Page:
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USPS Posts $5.1 Billion Loss for Last Year

Postal officials called the financial situation "dire."

The U.S. Postal Service says it lost $5.1 billion last year as a weak economy and increased Internet use drove down mail volume.

Losses will only accelerate in the coming year, Postmaster General Patrick Donahoe warned, citing faster-than-expected declines in first-class mail. He implored Congress to take swift, wide-ranging action to stabilize the ailing agency's finances as it nears a legal deadline Friday to pay $5.5 billion into the U.S. Treasury for future retiree health benefits.

Congress is expected to grant a reprieve, but that will only delay the day of reckoning for an agency struggling for relevance in an electronic age. Based on current losses, the Postal Service says it will run out of money — or come dangerously close — next September, forcing it to halt service.

"We are at a point where we require urgent action," Donahoe said.

Postal officials called the financial situation "dire."

They say the Postal Service will not be able to make the $5.5 billion payment due this Friday due to low cash flow. Postmaster General Patrick Donahoe has warned of a postal shutdown next year unless there is congressional action to address the agency's long-term money problems.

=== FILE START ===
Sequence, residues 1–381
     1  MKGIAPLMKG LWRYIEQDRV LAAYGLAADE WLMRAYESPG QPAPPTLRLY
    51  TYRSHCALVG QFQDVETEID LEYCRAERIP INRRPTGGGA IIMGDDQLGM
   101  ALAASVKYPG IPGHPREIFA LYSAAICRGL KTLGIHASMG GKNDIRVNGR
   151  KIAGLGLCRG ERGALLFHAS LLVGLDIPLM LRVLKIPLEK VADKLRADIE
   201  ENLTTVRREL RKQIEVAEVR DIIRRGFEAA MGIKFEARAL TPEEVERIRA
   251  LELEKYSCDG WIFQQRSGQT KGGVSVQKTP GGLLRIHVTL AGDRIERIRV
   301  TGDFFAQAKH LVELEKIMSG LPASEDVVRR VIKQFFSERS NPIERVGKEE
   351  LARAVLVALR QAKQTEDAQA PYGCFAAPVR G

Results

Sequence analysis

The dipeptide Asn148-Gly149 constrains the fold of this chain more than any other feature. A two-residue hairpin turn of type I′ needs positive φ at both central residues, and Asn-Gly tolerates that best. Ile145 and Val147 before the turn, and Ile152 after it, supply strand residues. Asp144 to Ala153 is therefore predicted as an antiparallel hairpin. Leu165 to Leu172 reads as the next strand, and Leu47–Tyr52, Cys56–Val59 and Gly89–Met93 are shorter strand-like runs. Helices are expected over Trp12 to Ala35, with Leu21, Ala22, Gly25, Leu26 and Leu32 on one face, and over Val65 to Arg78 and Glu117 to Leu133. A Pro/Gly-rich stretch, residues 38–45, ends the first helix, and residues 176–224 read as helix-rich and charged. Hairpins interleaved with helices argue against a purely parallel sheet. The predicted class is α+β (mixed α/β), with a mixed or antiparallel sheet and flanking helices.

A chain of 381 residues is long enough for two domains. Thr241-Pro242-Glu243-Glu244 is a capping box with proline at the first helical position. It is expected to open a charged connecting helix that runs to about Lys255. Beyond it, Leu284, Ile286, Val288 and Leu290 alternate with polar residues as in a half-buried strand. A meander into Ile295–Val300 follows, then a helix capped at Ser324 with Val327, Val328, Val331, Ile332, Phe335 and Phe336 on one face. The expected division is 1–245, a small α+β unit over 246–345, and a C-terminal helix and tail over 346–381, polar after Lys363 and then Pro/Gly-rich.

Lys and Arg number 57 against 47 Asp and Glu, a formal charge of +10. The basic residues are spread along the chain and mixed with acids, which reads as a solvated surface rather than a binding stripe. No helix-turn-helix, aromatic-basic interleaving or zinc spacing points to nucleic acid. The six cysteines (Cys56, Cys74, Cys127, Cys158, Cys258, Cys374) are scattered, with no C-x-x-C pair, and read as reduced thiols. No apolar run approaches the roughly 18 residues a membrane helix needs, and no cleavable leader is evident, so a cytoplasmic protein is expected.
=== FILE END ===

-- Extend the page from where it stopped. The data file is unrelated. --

The loss of $5.1 billion was less than a previous estimate of $10 billion, but only because the $5.5 billion payment — originally due Sept. 30 — was deferred until Nov. 18 with the approval of Congress.

In 2010, losses totaled $8.5 billion.

Recall that in September of this year, The Blaze reported on the financial crises facing the USPS:

Currently, labor costs represent 80 percent of the agency's expenses (as opposed to UPS’ 53 percent and Fedex’s 32 percent) and costs continue to rise and grow with the help of such incredibly, unthinkably harmful provisions as the “no-layoff” clause in union contracts.

Moreover, it has been discovered recently that the USPS has overpaid an estimated $60 billion into its employee pension plans.

You read that correctly. $60 billion. Extremely generous benefits, employees that cannot be fired, and $60 billion overpaid in pensions.

At the time that article was written, these were the issues killing the agency. Based on the fact that the USPS will default on Friday's payment, it sounds as if things haven't improved.

The Associated Press contributed to this story.

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